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Chris Patrick’s SEARCH – an audiodrama that was released earlier this year – appears to lift the lid on a devolved deep state. The eponymous “search” is spread across Scotland and it is one in which Matt McNair (Colin Little), an investigative journalist, is hunting both for a mythical superhero and for news of his own missing father. Yet the story promptly flips over and on the flipside sizzles a search for McNair himself, who is now accused by the police of poisoning most of his sources.

The motif of the chased chaser, along with the Scottish backdrop, makes SEARCH liable to resemble John Buchan’s The Thirty-Nine Steps. Certainly SEARCH is pacy enough as a thriller for this to hold up for a while as a likeness. What interests me about this story, however, is the unease that increasingly surrounds its villains. They indeed conduct themselves like a deep state. If this lot were in the USA, then they would be responsible for the Kennedy assassination and for 9/11. If they were Russian, then they would be rather more real and responsible for a long necklace of political assassinations. But what are they doing in devolved Scotland, a nation that is supposedly virtuous and modest and with no terrible secrets to tell of?

“Don’t worry,” Chris Patrick seems to announce. “These villains are just part of the private sector. Their company is discreet enough to masquerade as a charity.” Unfortunately, this explanation is never convincing. The Wells Foundation clearly has a budget of billions of pounds, since it organises pioneering medical experiments and it runs a vast surveillance network across Scotland. To operate on the scale that it does, the Wells Foundation must collude with the police and be afforded considerable protection by the state. It raises severe questions about the quality of McNair’s journalism that he never once stops to ask what the Wells Foundation actually is.

It is in itself a funny comment on the enormity of today’s charitable sector that the Wells Foundation can hide within plain sight as a charity. Ernst Stavro Blofeld had been never able to claim that his volcano lair was merely a regional headquarters for Oxfam. This would be probably possible now though.

The most realistic recourse for Patrick would be to put forward a deep state that is operating out of London, with quantitatively-eased pockets that are deep enough to bankroll its top research laboratories. But he evidently does not wish to end up with an embarrassing ethnic cliché on his hands, namely that in which cosy Scots are pitted against unfeeling English outsiders. Even worse would be to give the London-Rule agents Scottish accents, with the unpleasant implication that they are quislings. All of these escalating sensitivities have thus led to the deep state being disguised as an obscure Scottish private company, which is in turn disguised even further as a charity.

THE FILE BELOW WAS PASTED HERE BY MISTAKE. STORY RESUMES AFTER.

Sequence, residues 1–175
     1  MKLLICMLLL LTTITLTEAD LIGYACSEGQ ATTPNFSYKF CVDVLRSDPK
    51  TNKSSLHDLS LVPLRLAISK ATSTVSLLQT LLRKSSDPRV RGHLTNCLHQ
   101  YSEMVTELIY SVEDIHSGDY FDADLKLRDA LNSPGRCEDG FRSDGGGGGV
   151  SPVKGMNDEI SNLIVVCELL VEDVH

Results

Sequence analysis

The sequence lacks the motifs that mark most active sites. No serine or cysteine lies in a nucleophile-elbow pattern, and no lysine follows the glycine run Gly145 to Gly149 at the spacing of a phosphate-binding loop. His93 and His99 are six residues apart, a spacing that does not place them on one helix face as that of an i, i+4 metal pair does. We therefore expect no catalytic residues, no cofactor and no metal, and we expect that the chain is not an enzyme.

The Wells Foundation can never hope to be this depoliticised. It cannot flit through our world without anything coming to stick to it. It is currently unimaginable that Nicola Sturgeon’s government could run a deep state. Devolved finances have been hollowed out to such an extent that Holyrood can barely keep hospitals going. Nonetheless, Sturgeon is so irrepressible or ineradicable a force that she comes to haunt SEARCH in the person of its supervillain, Eleanor Wells (Natalie Clark).

Like Sturgeon, Wells is stern and no-nonsense. Like Sturgeon she is also humorous, emotionally intelligent and “a good communicator.” Like Sturgeon, she is surrounded by men who are devoted to her but who are still obviously quite a step down from her own brainpower and charisma.

SEARCH is a post-superhero story and it participates in that genre in which superheroes are no longer straightforwardly idolised. Think of the audiodrama The Bright Sessions, for example, in which the superheroes are clapped into therapy. Wells initially supports superheroes, rather as Sturgeon’s Scottish independence is meant to inject heroism into civic life and make us all heroes. She simultaneously controls and manipulates her superheroes, rather as Sturgeon has previously introduced authoritarian legislation such as the Named Person surveillance scheme and the OB(F)TC Act, under which football fans had been arrested for singing certain songs. For Wells, the ultimate superhero is her foundation, just as Sturgeon’s tendency is to demand soaring freedoms for her own government rather than for her fellow citizens.

I do not know if this analogy is what SEARCH had been searching for when it had first started. The final impression of this show is of a world where the Scottish government has vanished but where an acute, displaced caricature of it has fully subsumed its importance. Eleanor Wells is in effect just a lopsided portrait of Nicola Sturgeon.

[Previously on Tychy: “Podcast Review, The Secret of St Kilda.”]